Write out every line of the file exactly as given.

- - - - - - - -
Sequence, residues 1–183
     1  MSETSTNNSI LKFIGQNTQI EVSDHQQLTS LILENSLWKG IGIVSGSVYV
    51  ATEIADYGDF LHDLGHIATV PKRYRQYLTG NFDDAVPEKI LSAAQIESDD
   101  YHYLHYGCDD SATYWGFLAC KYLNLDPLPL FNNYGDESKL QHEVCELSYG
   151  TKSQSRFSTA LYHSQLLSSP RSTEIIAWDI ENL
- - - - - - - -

Sequence, residues 1–183
     1  MSETSTNNSI LKFIGQNTQI EVSDHQQLTS LILENSLWKG IGIVSGSVYV
    51  ATEIADYGDF LHDLGHIATV PKRYRQYLTG NFDDAVPEKI LSAAQIESDD
   101  YHYLHYGCDD SATYWGFLAC KYLNLDPLPL FNNYGDESKL QHEVCELSYG
   151  TKSQSRFSTA LYHSQLLSSP RSTEIIAWDI ENL